What was the NFL Thinking?
by Randy Snow
Originally posted on Yahoo! Voices, Tuesday, October 1, 2013
Super Bowl XLVIII will be played on February 2, 2014 in New York/New Jersey. It will be the first Super Bowl ever played in a cold-weather city without a domed stadium. The one thing I want to know is; Why in the world does the NFL think that this is a good idea?
This Super Bowl was awarded to New York/New Jersey as a result of a new stadium being built to replace Giants Stadium. This has become the norm in recent years. To paraphrase a line from the movie, Field of Dreams, "If you build it, they will give you a Super Bowl."
Previous Super Bowls have been played in the cold weather cities of Detroit, Michigan (2006), Pontiac, Michigan (1982), Minneapolis, Minnesota (1992) and Indianapolis, Indiana (2012). While the weather outside at game time might have been less than ideal in those cities, the fans and players at the game enjoyed perfect conditions inside the stadiums. The weather outside had no effect on the game.
In the weeks leading up to the game, those cold-weather cities embraced many outdoor winter activities for out-of-town fans such as snow skiing, sledding and ice skating. All that is fine and the fans who chose not to participate in them still had a good time inside at the game and at other indoor pre-game events. However, Super Bowl attendees in 2014 will not be able to "opt-out" of the cold weather during the game.
The host city for a Super Bowl has little to do with the resident NFL team or its fans. This is the league's game. It is their way of catering to its corporate sponsors and high roller fans who can afford the ridiculous prices associated with attending the big game. The Super Bowl is an event, a place to be seen and to hobnob with other high end fans of the league.
These fans are looking for a good time, not only at the game, but during the week leading up to the game as well. I have never been to MetLife Stadium in the Meadowlands, but I am sure it a great place to attend an NFL game, just not in February.
The NFL points to great cold weather games of the past, such as the 1967 NFL Championship game in Green Bay between the Packers and the Dallas Cowboys, a.k.a. The Ice Bowl, as one of the great moments in league history, and it was. But who were the people in the stands that day? Were they well to-do fans from L.A. or Miami? No. They were the good people of Green Bay, who had been there all season long and who laugh in the face of subzero temperatures. That was their team on the field and those fans were going to support them no matter what the weather conditions. Just how many Cowboys fans made the trip to Green Bay and were in attendance at the game? The Packers won the game and went on to play the Oakland Raiders in Super Bowl II on January 14, 1968 … in sunny Miami, Florida.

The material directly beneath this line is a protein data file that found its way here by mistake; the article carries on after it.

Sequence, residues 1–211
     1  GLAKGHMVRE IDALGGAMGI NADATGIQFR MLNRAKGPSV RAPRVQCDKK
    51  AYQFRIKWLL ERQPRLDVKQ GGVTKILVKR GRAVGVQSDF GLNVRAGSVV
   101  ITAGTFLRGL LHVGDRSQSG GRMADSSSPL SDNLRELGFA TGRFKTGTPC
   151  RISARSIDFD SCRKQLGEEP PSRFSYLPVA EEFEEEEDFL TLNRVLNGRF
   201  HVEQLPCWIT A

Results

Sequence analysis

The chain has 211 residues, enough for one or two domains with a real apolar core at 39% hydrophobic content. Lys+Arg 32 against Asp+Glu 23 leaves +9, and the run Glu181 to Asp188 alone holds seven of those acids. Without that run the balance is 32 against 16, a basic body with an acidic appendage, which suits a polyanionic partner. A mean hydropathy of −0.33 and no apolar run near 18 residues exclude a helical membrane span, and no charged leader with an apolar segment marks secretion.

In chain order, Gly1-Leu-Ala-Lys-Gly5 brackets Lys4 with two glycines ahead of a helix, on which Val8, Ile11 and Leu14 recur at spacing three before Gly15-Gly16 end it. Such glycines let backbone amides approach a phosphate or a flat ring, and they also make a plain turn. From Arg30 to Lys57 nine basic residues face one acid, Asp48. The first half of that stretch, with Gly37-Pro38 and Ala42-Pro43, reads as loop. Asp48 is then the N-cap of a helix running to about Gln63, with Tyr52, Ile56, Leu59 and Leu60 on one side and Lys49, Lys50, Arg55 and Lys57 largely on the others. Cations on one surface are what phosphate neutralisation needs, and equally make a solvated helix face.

Die-hard Packers fans would fill Lambeau Field in any type of weather, any month of the year to support their team, but that will not be the case in New York. Fan of the Jets and Giants will be scarce at the game, unless one or both teams are actually playing in the game.
The fans of whatever two teams make it to Super Bowl XLVIII will have to decide if they want to shell out big bucks to go to the game in February and take a chance on who-knows-what the weather might be like, or stay at home and watch the game from the comfort of their homes with some friends and a big screen HDTV. As a person who lives in the Midwest, my idea of a February getaway involves beaches, sand and sun. It does not include sitting in an open air stadium after dark when the temperatures plunge even colder than they are during the day.
I'm pretty sure that fans who live in Miami, Dallas, Arizona, New Orleans or San Diego will think twice and opt to stay at home, even if their team happens to be playing in the game.
And what about the halftime show? Don't expect to see a lot of skin like you did this year during Beyonce's performance. Bruno Mars was recently announced as the halftime performer. I hope he knows that he needs to dress in layers!
I would think that the NFL would want to have the best field conditions possible for its championship game so that it will not be a possible factor in the final outcome of the game. But what do I know.
In 1932, the NFL decided to hold its first ever championship game in Chicago between the Bears and the Portsmouth Spartans. A terrible snowstorm hit the city a few days before and the game was moved inside to Chicago Stadium where the Blackhawks played hockey. I doubt that Super Bowl XLVIII will be afforded such an opportunity.
The game is still a few months away and the weather has been the main focus of discussions for quite some time. The Farmer's Almanac has already predicted harsh weather conditions in the New York/New Jersey area on game day. The potential for things to go wrong before and during the game based on weather conditions are numerous. This could be the first Super Bowl since the early games to have a considerable amount of empty seats at the game.
Depending on what the score is in the second half, the game could be played in a mostly deserted stadium. The term, "Fair Weather Fans" could actually come into play.
For a league that is constantly looking to uphold a certain image, it seems to me that this upcoming Super Bowl has a real potential to be an embarrassment on many levels. Regardless, I will be watching the game from the comfort of my home, with a fire going in the fireplace and cup of hot chocolate in my hand!